The rate of new HIV infections fell by one-third over the past decade due to increased spending and effective treatment, the United Nations agency leading the global HIV/AIDS response today reported.
The Joint UN Programme on HIV/AIDS (UNAIDS) estimated that 2.3 million adults and children were newly infected with HIV in 2012, a figure that represents a 33 per cent reduction in annual new cases compared to 2001.
In the same time period, new HIV infections among children fell 52 per cent to 260,000 in 2012.
Millennium Development Goal 6 calls for halting by 2015 and beginning to reverse the spread of HIV/AIDS, and to achieve universal access to treatment for HIV/AIDS for all those who need it.
“Not only can we meet the 2015 target of 15 million people on HIV treatment – we must also go beyond and have the vision and commitment to ensure no one is left behind,” said Michel Sidibé, Executive Director of UNAIDS.
The report also found that greater access to antiretroviral treatments led to a 30 per cent drop in AIDS-related deaths from the peak in 2005.
By the end of 2012, some 9.7 million people in low- and middle-income countries have accessed antiretroviral therapy, an increase of nearly 20 per cent in just one year.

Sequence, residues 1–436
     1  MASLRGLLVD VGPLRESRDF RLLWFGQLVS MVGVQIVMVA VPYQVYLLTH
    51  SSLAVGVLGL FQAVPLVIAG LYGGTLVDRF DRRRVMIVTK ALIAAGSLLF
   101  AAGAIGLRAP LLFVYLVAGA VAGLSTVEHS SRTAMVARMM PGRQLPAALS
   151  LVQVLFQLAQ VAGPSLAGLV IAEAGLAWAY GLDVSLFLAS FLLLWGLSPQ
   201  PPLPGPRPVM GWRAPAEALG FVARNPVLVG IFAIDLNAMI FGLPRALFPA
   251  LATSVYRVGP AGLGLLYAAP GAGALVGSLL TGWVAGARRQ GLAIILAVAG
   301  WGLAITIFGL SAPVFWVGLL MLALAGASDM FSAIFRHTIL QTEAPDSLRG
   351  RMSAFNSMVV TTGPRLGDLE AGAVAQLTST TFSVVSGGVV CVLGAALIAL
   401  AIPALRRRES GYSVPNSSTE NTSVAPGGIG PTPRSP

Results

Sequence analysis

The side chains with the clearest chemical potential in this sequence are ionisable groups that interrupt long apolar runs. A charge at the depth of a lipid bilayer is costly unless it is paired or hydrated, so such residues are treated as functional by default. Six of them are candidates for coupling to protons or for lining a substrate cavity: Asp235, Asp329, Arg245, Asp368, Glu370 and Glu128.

According to the report, significant results have also been achieved towards meeting the needs of tuberculosis (TB) patients living with HIV, a figure down 36 per cent since 2004.
Meanwhile, domestic spending on HIV has increased, accounting for 53 per cent of global HIV resources in 2012, even as donor funding has plateaued at its 2008 levels.
Spending on HIV and AIDS was estimated at $18.9 billion in 2012. An estimated $22-24 billion will be needed each year by 2015, UNAIDS reported.
The report also found that progress has been slow in ensuring the respect of human rights, securing access to HIV services for people most at risk of HIV infection, particularly people who use drugs, and in preventing violence against women and girls.
Gender inequality, punitive laws and discriminatory actions are continuing to hamper national responses to HIV and concerted efforts are needed to address these persistent obstacles to the scale up of HIV services for people most in need.